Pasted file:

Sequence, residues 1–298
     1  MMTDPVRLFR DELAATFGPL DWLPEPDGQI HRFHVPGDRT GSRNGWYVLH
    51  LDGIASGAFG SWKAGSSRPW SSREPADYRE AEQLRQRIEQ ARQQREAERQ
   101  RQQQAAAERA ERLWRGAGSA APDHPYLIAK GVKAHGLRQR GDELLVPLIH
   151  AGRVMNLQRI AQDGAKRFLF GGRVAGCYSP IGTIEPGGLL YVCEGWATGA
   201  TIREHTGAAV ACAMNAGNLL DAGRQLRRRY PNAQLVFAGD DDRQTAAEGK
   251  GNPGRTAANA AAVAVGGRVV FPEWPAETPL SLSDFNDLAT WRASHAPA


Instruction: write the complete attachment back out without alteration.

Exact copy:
Sequence, residues 1–298
     1  MMTDPVRLFR DELAATFGPL DWLPEPDGQI HRFHVPGDRT GSRNGWYVLH
    51  LDGIASGAFG SWKAGSSRPW SSREPADYRE AEQLRQRIEQ ARQQREAERQ
   101  RQQQAAAERA ERLWRGAGSA APDHPYLIAK GVKAHGLRQR GDELLVPLIH
   151  AGRVMNLQRI AQDGAKRFLF GGRVAGCYSP IGTIEPGGLL YVCEGWATGA
   201  TIREHTGAAV ACAMNAGNLL DAGRQLRRRY PNAQLVFAGD DDRQTAAEGK
   251  GNPGRTAANA AAVAVGGRVV FPEWPAETPL SLSDFNDLAT WRASHAPA